Khabibulin's brilliant play put Russia into semifinalsPosted: Wednesday February 20, 2002 6:50 PM
Updated: Wednesday February 20, 2002 11:27 PM
Funny how times change. Once this matchup was all things that stood for European hockey excellence. Now, it simply stands for hockey excellence. Players from these great hockey-playing nations have now long been a part of the NHL and left their imprints.
But in the first period, the NHLís influence was evident, namely the importance of and reliance on goaltending and special teams. Russian netminder Nikolai Khabibulin stared down his counterpart Dominik Hasek, making 16 saves. Hasek, though, comes by his Dominator moniker honestly, failing to blink first in this high-stakes staring contest. But Khabibulinís early brilliance allowed the Russians to survive a 4-on-3 power play against and two 5-on-3 man advantages.
Russia broke through early in the second, although Hasek canít be accused of blinking -- he never saw the quick shot by Maxim Afinogenov in traffic -- the result of an Alexei Yashin face-off win. The Czech Republic opened up the attack slightly once they fell behind, but could not solve Khabibulin. His task was made easier by his defense, as they gave ground, but kept the shooters to the outside, allowing their Ďkeeper to see every bid. Russia couldnít secure that crucial second tally, despite not abandoning its focus on offense. Hasek held firm -- aided in part by a gracious crossbar on an Alexei Kovalev breakaway. Khabibulin was likewise fortunate on a Jiri Dopita attempted putback, sending the contest to the third period 1-0.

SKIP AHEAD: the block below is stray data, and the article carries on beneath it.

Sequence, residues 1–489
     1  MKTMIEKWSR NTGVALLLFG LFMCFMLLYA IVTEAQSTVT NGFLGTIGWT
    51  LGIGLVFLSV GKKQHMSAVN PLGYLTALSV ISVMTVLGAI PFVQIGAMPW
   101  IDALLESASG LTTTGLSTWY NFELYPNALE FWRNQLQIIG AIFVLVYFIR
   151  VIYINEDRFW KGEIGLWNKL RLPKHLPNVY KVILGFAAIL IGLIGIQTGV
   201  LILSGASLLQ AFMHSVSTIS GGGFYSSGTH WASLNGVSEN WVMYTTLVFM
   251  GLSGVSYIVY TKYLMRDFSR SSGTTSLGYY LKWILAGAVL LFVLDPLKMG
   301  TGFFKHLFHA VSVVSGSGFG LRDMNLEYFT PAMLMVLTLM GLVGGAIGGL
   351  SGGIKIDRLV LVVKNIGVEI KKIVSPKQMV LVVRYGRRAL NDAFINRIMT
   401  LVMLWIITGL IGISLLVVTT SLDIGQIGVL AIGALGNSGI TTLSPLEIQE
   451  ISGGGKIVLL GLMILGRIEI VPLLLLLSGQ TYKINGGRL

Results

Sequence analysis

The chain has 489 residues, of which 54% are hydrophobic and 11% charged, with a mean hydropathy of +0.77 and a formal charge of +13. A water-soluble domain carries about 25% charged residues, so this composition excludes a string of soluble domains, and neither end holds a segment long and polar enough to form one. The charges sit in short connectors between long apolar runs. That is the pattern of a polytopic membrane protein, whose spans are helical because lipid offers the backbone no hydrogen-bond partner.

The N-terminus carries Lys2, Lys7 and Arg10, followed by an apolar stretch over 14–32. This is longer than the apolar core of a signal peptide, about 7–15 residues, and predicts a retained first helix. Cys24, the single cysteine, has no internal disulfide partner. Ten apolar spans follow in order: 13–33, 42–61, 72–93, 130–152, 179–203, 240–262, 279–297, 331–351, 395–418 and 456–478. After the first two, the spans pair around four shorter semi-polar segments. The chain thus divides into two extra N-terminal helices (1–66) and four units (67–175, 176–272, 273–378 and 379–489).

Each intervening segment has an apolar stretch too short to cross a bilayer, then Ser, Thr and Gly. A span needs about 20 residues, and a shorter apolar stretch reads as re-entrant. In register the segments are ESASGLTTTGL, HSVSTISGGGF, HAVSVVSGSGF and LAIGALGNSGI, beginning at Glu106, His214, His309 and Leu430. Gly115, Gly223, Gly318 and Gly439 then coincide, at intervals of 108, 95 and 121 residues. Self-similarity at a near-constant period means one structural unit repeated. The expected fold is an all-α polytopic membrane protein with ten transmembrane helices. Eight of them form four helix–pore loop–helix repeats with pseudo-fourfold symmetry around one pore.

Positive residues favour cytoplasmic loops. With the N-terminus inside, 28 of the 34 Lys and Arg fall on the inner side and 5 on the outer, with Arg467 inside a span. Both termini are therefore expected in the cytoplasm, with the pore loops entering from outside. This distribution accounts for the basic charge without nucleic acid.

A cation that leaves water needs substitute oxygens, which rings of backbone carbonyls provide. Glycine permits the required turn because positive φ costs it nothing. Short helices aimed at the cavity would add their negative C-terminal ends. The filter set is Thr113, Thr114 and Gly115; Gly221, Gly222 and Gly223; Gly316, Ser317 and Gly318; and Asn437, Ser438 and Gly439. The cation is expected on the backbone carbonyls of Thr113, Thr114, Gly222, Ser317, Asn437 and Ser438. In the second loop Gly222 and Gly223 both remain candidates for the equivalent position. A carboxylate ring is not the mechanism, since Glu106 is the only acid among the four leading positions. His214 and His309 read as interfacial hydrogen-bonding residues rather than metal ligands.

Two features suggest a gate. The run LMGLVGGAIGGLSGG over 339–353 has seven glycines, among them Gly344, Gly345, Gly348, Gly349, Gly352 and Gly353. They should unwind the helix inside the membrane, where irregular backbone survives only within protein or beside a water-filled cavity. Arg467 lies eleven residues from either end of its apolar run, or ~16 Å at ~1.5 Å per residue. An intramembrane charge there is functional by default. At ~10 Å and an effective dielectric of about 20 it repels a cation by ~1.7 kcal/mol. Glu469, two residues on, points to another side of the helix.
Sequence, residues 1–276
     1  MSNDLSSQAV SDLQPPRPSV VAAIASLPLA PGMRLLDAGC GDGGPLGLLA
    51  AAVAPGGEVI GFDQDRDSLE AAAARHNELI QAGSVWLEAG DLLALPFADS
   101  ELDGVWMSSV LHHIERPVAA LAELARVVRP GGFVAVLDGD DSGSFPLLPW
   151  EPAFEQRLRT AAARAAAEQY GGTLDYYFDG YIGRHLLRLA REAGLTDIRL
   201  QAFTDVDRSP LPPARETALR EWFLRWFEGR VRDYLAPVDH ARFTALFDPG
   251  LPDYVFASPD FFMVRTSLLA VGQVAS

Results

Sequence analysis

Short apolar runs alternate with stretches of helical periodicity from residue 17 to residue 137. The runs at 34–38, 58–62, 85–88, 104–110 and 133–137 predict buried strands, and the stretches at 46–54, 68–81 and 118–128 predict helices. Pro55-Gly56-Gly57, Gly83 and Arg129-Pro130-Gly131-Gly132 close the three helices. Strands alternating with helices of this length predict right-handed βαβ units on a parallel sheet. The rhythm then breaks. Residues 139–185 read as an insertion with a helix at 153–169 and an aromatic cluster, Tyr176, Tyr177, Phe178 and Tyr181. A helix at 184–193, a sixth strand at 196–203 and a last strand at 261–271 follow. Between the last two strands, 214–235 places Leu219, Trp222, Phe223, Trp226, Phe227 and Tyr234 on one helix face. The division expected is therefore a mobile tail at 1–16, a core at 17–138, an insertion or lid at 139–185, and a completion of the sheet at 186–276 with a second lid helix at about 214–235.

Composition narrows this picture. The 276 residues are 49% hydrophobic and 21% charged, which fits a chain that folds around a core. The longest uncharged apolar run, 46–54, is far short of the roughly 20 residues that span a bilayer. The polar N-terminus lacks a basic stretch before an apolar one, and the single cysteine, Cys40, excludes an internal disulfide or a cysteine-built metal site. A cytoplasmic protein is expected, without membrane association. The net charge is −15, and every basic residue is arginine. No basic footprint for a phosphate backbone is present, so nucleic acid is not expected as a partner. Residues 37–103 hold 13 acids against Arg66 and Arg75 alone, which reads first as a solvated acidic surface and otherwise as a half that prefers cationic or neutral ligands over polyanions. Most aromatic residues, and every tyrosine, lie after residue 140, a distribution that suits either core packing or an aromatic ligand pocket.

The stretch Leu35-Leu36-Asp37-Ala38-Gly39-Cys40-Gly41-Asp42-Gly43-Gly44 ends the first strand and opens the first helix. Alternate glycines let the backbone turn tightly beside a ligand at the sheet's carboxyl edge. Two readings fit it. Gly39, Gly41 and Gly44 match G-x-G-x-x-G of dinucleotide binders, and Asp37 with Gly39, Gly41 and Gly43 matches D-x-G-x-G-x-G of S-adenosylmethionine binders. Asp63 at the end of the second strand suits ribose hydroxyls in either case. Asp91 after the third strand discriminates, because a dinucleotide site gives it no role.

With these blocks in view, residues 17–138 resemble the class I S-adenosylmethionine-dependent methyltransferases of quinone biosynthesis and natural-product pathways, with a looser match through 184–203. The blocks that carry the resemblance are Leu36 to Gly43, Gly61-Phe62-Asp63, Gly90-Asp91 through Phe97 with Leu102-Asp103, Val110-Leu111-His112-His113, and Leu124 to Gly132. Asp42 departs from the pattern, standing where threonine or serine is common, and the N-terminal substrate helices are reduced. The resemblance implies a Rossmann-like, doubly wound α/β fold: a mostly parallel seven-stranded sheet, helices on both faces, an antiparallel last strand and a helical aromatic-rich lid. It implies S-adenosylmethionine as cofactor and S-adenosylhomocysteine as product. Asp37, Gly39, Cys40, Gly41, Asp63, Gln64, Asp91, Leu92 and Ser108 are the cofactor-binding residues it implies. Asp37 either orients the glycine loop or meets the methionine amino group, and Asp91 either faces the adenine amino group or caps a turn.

In the final frenetic frame, Hasek refused to budge; meaning it was all about Khabibulinís ability to go the distance in shutout fashion. And the Czechs skated with purpose, easily attaining the offensive zone, as their speed backed the Russian defense off the blueline.
Behind the bench, Slava Fetisov continued his unconventional, bordering-on-contrarian style. He played offensive-minded youngsters Ilya Kovalchuk and Afinogenov in the last minute. Kovalev saw plenty of ice-time down the stretch -- a veteran player seldom characterized as a defensive stalwart. Offensive-minded defenseman Sergei Gonchar was on the ice in the gameís waning seconds.
In the end, Khabibulinís heroics made it all seem right.
Goaltender: Khabibulin turned in a career-defining performance, showing the world he truly is an elite netminder and not just a very good goalie trapped on a mostly mediocre NHL team.
Defense: Vladimir Malakhov provided the type of play required on Jaromir Jagr -- physical while at the same time positionally sound. He was a force the entire game down low in Team Russiaís defensive zone -- an area in which he and his teammates spent too much time.
Forward: Andrei Nikolishin was on the ice for every meaningful face-off, which meant plenty of ice time in this close, hotly contested contest. He and linemate Yashin, along with Sergei Fedorov all did a nice job neutralizing Jagr as well. In a tight game like this, Nikolishinís contributions were critical.
Darren Eliot, a former NHL goaltender, is a hockey analyst for CNN/Sports Illustrated and will provide Olympic hockey commentary throughout the Games for CNNSI.com.